NNPC’s new oil swap deal not transparent — Group

NNPC Towers
NNPC Towers

A civil society group focused on transparency in the oil and gas sector has criticized the interim Offshore Processing Agreement, OPA, between the Nigerian National Petroleum Corporation, NNPC, and three multinational trading companies to boost the supply of refined petroleum products in the country.

The Africa Network for Environment and Economic Justice said the process of engaging the companies fell short of the provisions of the Nigeria Extractive Industries Transparency Initiative (NEITI) Act 2007.

The agreement, which NNPC described as a stop-gap products supply arrangement expected to run for three months, involves Duke Oil, an international partner of the NNPC engaged in direct oil trading activities in the spot market, and its long-standing international trading partners, Carlson and Napoil.

The NNPC’s public affairs manager, Ohi Alegbe, said on Wednesday the deal was part of the corporation’s effort to ensure sustained and unimpeded supply and distribution of petroleum products nationwide.

Under the agreement, Mr. Alegbe said, NNPC was obliged to allocate a certain volume of crude oil within the period for refining at offshore locations in exchange for petroleum products at pre-agreed yield patterns.

The corporation explained that the temporary OPA package would lapse with the advent of the new contracts expected to come into effect at the end of the ongoing public tender process.

“The process of engaging the three companies was not open and competitive and did not take into account civil society observations espoused in NEITI Act and other statutes enacted to mainstream transparency and accountability in Nigeria’s extractive industries” said Mr. Ugolor of the Africa Network for Environment and Economic Justice.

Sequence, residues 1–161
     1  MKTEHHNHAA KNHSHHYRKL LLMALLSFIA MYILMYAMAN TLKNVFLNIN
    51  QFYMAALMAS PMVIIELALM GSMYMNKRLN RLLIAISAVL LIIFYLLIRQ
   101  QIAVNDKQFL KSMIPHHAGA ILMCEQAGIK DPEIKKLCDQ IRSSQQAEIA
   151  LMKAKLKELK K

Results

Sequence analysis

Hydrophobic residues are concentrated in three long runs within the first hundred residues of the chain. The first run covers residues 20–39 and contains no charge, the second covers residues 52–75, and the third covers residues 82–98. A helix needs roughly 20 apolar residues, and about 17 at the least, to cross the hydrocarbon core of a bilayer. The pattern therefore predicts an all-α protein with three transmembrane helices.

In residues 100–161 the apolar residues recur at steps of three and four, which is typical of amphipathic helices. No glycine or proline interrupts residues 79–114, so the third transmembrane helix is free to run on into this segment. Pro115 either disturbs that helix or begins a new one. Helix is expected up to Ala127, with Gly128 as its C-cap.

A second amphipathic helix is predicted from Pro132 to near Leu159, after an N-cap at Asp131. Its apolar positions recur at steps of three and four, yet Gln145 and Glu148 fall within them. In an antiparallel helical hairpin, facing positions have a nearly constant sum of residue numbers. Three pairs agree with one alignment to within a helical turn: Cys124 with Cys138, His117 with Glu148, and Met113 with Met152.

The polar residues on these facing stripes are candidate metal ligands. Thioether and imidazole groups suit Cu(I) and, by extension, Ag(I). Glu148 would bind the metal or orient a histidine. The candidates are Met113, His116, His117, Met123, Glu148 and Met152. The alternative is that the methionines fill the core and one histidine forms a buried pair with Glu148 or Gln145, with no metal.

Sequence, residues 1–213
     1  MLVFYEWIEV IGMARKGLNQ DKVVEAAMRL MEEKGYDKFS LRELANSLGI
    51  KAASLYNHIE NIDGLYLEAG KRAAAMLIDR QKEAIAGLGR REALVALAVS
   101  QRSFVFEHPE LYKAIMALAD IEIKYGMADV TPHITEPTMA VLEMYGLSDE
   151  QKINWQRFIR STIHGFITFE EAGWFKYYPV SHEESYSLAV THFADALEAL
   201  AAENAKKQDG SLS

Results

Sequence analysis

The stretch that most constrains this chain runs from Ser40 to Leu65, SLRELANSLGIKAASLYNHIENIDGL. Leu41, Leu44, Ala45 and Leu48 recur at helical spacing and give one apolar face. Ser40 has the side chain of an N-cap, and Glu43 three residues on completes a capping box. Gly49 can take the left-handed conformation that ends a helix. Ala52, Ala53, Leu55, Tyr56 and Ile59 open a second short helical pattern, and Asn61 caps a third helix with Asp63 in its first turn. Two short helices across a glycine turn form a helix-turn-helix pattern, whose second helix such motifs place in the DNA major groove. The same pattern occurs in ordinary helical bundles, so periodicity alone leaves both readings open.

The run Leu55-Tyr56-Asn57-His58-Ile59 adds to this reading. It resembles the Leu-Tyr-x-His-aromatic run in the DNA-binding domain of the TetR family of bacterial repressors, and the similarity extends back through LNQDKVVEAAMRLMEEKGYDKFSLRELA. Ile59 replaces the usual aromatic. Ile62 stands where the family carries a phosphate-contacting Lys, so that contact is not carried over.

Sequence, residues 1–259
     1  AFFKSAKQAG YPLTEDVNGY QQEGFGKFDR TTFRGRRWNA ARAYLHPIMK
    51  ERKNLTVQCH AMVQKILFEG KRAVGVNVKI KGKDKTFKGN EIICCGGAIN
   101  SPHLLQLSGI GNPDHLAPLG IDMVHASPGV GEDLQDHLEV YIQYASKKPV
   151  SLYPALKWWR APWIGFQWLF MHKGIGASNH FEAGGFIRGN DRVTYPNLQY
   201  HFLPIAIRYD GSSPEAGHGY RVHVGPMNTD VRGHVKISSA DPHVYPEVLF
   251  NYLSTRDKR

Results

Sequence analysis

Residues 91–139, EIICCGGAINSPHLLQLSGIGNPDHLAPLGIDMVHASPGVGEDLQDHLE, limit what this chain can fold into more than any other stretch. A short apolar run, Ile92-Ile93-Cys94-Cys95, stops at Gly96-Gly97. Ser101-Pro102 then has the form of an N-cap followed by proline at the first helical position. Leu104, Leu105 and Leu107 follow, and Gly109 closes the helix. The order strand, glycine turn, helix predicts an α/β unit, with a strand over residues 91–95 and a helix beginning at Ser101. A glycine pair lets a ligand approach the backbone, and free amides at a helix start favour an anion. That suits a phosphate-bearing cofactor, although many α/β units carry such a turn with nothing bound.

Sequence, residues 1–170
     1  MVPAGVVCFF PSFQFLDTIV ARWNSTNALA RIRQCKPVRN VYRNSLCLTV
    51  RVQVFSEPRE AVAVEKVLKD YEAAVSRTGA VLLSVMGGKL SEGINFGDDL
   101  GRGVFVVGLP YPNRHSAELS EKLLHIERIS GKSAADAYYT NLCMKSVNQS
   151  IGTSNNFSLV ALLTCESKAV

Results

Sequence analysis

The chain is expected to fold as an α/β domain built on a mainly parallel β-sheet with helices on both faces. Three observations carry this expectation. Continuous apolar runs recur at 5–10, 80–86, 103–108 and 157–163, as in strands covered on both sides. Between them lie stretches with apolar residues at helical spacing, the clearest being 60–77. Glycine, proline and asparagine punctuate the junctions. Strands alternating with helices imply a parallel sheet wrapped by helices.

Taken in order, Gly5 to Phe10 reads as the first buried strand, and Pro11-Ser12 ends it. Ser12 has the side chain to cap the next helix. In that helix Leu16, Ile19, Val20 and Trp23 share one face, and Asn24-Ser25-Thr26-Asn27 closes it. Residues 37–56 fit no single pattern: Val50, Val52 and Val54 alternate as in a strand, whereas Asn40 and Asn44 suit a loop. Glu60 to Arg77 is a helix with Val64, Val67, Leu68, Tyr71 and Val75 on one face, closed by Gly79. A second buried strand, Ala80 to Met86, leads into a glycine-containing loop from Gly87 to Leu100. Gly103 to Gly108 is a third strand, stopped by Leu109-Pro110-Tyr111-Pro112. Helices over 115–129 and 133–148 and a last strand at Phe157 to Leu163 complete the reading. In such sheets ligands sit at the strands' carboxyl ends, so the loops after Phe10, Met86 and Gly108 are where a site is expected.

He said the two Swiss commodity trading firms – Carlson and Napoil – are international trading affiliates of Vitol and Trafigura, long-standing joint venture companies of NNPC, who were indicted in the Bern Declaration Report of 2013.

The report by the Swiss non-governmental advocacy organisation, titled, “Swiss Traders’ Opaque Deals in Nigerian”, detailed how the NNPC connived with major Swiss oil trading companies to siphon billions of dollars of revenue from Nigeria through the sale of crude oil below the market value.

The Berne Declaration, which described the Nigerian oil scam as the greatest fraud Africa has ever known, said Nigerian and foreign fuel importers used their offshore subsidiaries, working with politically exposed fraudsters, to swindle the country of over $6.8 billion in phantom subsidy payments to non-existing importers between 2009 and 2011.

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The report had identified seven major oil marketers and fuel importers, including the two Geneva-based commodity trading firms, as working through their shell companies in Switzerland and notorious offshore tax haven of Bermuda to defraud Nigeria of billions of Naira in tax earnings.

“Vitol and Trafigura alone took, respectively, 13.44% and 13.49% of Nigerian crude oil exports in 2011 for a cumulative value of 6.7 billion dollars,” the report said.

Mr. Ugolor said Nigerians were worried that the two firms still outclassed their competitors to emerge in highly opaque partnerships with the NNPC.

“We observe that the interim crude swap agreements contrast sharply with President Muhammadu Buhari’s agenda, and his determination to rid the country’s oil and gas industry, and indeed all sectors of the economy, of corruption responsible for the hemorrhaging of the nation into frightening poverty,” the ANEEJ boss said.

He recalled that NNPC had assured Nigerians that the number of off-takers would be pruned to only 16, from the existing 43 firms for the 2015/2016 annual crude oil term contract, to instill probity in the award process‎.

Mr. Ugolor welcomed the decision to prune the number of off takers, saying NNPC must take immediate steps to end all oil swap arrangements in the country as it has turned out to be an avenue for oil theft and bleeding of the economy.

“The best measure to optimize the marketing of Nigeria’s crude oil and secure new market potentials is not to embark on oil swap deals, but to ensure local refining of the crude and market the refined products both locally and internationally,” Mr. Ugolor said.

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